Mega-Regional Trade Negotiations

Government of Chile / CC BY 2.0.
During this decade, and with particular intensity in recent months, several far-reaching trade negotiations have been in the works worldwide. Chief among them are the Transatlantic Trade and Investment Partnership (TTIP) between the United States and the European Union; a Free Trade Agreement (FTA) between the European Union and Japan; a Regional Comprehensive Economic Partnership (RCEP) among the ten members of the Association of Southeast Asian Nations (ASEAN) plus Australia, India, New Zealand, China, Japan, and the Republic of Korea; and an FTA among the latter three countries. All four processes were formally launched in 2013. They come on top of the Trans-Pacific Partnership (TPP) negotiations, underway since 2010, encompassing twelve countries of Latin America, North America, Asia, and Oceania. All these initiatives— referred to in the literature as mega-regional or mega-bilateral negotiations—should have a deep impact on the global trade and investment architecture of the coming decades, especially given the continued impasse at the Doha Round of the World Trade Organization (WTO). A rapidly growing number of FTAs has been a global trend since the 1990s, but the recent mega-regional negotiations have features that set them apart from most existing pacts. The first two distinctions are the number and size of the economies concerned. All of them account for significant shares of world output, population, trade, and foreign direct investment (FDI). Second, these mega-regional negotiations go beyond the bilateral approach of most of the existing FTAs by aiming to create vast integrated economic spaces, whether Asian, transatlantic, or trans-Pacific. Third, the thematic agenda is far more extensive and complex than has traditionally been the case, and it includes a number of areas not covered by WTO agreements. This brief by Osvaldo Rosales and Sebastián Herreros of the Economic Commission on Latin America discusses how Latin America may be affected by the ongoing mega-regional negotiations, specifically the TPP and the TTIP. Only Chile, Mexico, and Peru currently participate in the TPP negotiations and no Latin American countries are involved in TTIP talks, but all countries in the region stand to be influenced by both processes. Since the TPP and TTIP negotiations are underway at the time of writing (with the latter in a very early stage), any pronouncements on their outcome are highly speculative. Moreover, time and space restrictions preclude a detailed country-by-country analysis. Instead, we attempt to identify key issues that would arise from a successful conclusion of both negotiations. Further, in-depth examination by Latin American academics and policymakers is called for in the coming years. This brief focuses on the possible impact of the TPP and TTIP on Latin American countries’ future trade flows, how both processes might influence these countries’ ability to design and implement a number of public policies, and deals with possible implications for Latin American regional integration. The paper ends with some concluding considerations.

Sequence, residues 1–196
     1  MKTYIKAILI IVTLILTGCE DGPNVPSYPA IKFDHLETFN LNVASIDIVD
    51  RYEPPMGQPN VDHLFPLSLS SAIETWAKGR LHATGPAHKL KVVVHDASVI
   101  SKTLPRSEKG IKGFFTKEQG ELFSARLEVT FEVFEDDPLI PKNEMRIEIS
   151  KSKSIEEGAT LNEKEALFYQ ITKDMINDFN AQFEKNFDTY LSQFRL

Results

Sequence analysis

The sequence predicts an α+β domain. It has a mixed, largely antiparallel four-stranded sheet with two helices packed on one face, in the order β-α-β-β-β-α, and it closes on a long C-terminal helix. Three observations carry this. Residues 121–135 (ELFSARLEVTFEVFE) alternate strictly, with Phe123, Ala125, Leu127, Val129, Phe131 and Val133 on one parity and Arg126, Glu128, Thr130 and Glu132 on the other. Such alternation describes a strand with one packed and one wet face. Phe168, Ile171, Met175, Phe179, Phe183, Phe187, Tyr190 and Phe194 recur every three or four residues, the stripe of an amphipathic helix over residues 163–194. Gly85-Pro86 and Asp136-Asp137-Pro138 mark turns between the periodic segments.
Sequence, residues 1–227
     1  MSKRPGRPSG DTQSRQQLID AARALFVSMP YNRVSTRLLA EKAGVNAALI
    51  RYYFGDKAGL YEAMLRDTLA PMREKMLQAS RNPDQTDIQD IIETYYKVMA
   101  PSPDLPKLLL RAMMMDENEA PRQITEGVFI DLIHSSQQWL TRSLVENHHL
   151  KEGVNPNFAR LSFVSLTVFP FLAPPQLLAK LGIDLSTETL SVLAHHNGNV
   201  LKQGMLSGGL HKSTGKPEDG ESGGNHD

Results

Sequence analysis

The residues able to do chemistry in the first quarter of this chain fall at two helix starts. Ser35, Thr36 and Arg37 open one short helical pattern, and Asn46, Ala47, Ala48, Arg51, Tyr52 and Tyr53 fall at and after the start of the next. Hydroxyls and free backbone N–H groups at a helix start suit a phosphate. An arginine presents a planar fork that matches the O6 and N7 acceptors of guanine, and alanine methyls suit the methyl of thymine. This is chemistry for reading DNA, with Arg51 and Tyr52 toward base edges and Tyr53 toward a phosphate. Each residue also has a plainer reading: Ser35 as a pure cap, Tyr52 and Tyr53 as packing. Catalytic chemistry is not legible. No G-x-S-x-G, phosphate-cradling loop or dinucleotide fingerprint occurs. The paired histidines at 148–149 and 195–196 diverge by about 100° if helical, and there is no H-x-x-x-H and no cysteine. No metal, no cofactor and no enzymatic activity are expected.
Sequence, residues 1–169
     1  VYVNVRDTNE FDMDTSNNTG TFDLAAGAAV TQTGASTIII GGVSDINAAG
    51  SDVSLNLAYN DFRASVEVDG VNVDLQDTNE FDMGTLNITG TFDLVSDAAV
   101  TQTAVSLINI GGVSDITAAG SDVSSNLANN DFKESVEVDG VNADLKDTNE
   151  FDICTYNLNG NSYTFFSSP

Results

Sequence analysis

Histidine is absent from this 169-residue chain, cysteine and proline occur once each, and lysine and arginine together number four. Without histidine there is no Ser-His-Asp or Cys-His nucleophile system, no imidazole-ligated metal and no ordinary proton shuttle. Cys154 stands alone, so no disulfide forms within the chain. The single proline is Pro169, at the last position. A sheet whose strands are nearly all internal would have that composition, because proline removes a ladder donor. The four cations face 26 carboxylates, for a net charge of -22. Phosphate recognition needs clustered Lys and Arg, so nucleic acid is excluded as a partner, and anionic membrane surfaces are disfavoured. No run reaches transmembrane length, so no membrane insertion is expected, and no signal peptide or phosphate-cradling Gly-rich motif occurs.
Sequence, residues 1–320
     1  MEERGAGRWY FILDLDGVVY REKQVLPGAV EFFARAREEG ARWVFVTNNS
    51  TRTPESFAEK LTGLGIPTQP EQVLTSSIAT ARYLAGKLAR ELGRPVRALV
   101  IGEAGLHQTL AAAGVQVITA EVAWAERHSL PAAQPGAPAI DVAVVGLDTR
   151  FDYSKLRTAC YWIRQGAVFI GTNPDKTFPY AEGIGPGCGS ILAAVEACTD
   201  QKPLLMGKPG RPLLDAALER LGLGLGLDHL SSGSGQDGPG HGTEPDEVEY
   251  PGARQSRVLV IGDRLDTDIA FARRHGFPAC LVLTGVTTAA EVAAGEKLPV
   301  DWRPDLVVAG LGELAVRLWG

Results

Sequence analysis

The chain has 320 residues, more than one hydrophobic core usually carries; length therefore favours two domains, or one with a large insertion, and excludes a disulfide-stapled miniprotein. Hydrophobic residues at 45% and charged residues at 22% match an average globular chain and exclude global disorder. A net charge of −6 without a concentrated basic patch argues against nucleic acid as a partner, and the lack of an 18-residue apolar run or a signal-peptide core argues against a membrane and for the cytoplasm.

The full paper can be downloaded below. The Dialogue is deeply grateful to Liberty Mutual for its generous support of this project.


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